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2016: The Year to Go Long in D.C.

We as a society need to go long on one especially critical issue that we seem to be in political and policy denial about -- the need for long-term services and federal policies which promote them.
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Close up of son holding his mothers hands in hospital
Close up of son holding his mothers hands in hospital

The start of the New Year brings the resumption of the 114th Congress and the start of the NFL playoff season, both of which contribute to one idea: "going long." In football, "going long" down the field moves the ball forward and sometimes scores touchdowns. We should encourage President Obama, Congress, and all the candidates for President to go long on behalf of new proposals and policies to benefit older adults and their families.

It has been said that there is really no good policy without politics. In this presidential and congressional election year, good politics should include being responsive to advancing new ideas to move our aging society productively into the future. It makes good political sense for candidates because the older voter will grow from 16 percent of the electorate in November 2012 to 23 percent in November 2016. In addition, the number of family caregivers in this nation now exceeds 40 million and they too represent an important voting constituency that can influence the outcome of this election.

What would going long include? For the president and congress, it could be building off the bipartisan momentum from late 2015 by passing the Older Americans Act. Candidates for President could call for the reauthorization of the Act so it becomes a political issue as well. A bipartisan bill to renew the Act for three years passed the Senate in July of 2015. President Obama has already supported it at the 2015 White House Conference on Aging. The House needs to act to finish the job and pass the Act as well. This legislation benefits older adults with critical community-based services such as nutrition, transportation and senior centers. It also contains the only federal program aimed at helping family caregivers, including grandparents raising grandchildren. The need to help provide education and training to family caregivers has grown exponentially since the last Older Americans Act was passed back in 2006.

On the caregiver front, the House should join the Senate in passing the RAISE Family Caregivers Act. The Recognize, Assist, Include, Support and Engage (RAISE) Family Caregivers Act (S. 1719/H.R. 3099) requires a strategy to be developed that would identify actions that government, communities, providers, employers and others can take to support family caregivers. This would be a first step in going long for caregivers.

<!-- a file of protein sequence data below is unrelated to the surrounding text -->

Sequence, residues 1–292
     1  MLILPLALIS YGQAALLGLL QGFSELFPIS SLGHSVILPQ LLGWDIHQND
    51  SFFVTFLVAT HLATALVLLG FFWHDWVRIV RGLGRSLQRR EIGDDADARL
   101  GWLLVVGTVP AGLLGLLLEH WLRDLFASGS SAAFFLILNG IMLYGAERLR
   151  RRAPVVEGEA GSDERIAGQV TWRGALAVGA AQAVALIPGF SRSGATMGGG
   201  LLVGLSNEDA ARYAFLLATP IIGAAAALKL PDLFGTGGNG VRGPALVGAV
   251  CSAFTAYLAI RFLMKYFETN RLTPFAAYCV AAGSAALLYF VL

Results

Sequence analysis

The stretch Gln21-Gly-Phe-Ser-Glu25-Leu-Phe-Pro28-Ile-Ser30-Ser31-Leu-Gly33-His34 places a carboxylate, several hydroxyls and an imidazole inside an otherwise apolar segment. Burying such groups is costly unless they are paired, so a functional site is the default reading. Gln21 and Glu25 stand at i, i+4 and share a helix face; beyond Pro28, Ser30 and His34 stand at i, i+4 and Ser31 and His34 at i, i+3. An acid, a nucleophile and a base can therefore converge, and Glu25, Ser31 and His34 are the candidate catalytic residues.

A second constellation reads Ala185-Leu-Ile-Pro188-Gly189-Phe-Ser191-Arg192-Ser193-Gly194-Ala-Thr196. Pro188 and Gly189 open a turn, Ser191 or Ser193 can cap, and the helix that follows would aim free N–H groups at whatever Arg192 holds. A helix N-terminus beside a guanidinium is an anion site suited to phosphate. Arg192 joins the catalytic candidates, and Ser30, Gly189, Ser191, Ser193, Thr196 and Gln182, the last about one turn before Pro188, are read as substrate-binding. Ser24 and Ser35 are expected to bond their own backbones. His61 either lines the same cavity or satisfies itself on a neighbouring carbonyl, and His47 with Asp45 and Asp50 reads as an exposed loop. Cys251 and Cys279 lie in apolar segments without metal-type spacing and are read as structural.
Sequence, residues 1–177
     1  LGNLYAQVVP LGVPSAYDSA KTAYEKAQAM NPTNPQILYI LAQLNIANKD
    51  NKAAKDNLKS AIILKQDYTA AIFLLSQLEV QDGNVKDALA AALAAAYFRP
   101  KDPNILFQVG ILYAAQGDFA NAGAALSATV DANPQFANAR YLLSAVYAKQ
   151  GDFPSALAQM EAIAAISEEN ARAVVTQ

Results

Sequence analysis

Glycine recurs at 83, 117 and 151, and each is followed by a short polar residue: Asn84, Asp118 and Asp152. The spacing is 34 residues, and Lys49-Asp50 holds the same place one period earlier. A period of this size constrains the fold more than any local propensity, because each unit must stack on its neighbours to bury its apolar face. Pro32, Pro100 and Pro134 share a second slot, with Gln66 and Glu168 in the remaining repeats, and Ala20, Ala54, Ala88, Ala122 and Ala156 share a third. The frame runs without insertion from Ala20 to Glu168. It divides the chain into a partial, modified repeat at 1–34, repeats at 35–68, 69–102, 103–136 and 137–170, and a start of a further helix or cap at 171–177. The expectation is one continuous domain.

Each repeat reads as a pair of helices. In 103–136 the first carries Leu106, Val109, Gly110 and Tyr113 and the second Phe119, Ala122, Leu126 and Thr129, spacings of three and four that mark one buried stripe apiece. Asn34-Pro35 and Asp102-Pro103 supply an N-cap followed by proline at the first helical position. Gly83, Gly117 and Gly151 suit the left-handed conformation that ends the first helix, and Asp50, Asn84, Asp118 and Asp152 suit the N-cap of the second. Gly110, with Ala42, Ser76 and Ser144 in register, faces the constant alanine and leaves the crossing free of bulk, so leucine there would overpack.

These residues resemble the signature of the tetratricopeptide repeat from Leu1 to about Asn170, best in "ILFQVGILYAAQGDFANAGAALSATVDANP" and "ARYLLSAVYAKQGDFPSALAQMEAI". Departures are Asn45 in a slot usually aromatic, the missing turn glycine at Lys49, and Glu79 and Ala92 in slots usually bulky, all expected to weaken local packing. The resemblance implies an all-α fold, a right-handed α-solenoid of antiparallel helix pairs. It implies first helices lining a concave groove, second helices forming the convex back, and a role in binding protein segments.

To further help caregivers, they should be part of tax reform, which may be a 2016 bill in Congress and certainly a political issue for the future. For every millionaire or special interest who is aided by tax reform we should include an interest that is truly special--the family caregiver, by providing them with a meaningful tax credit for the high out-of-pocket costs associated with caregiving. For Presidential candidates who address tax reform, this should be part of what they propose.

We as a society need to go long on one especially critical issue that we seem to be in political and policy denial about -- the need for long-term services and federal policies which promote them. Despite the millions of Americans of all ages who need long-term services and support, we still lack any coherent national policy to provide this. There have been many great ideas and proposals developed in recent years both from outside and inside government. It would be difficult for Congress this year to enact anything comprehensive on long-term services and support, but it is most certainly a compelling campaign issue which has begun to be raised by candidates on both sides. However, it needs to become an issue with a political imperative.

We also need to go long on combating the growing menace of elder abuse in our nation. Congress passed a landmark law called the Elder Justice Act in 2010 but has struggled to fund it properly. We need to go long in this Congress using the new budget agreement and commit at least $50 million for programs to combat elder abuse. This has to be a test on the campaign trail as well. Those candidates who fail to offer ideas or even address this issue should be judged unworthy of an older person's vote.

We have already seen the big aging issues like Social Security and Medicare raised by Presidential candidates on the campaign trail. The ideas and proposals have run the gamut, but with the first votes in primaries and caucuses ready to be cast in fewer than six weeks, it is time for more specifics on how we address the future of these vital programs. The opportunity is there for candidates to make their mark and go long.

A final important way for candidates for President to go long would be to address the growing issue of ageism in America. Further, in recognition of the changing face of the older population now and in the future, candidates for President should outline their ideas on achieving cultural competency in federal programs and services in the future.

In this unusual year, where many contentious Congressional issues were resolved in the last year, the same opportunity to go long in 2016 is there for the President, the Congress and those who will be in these positions in 2017. Older Americans and their families would certainly benefit from this.

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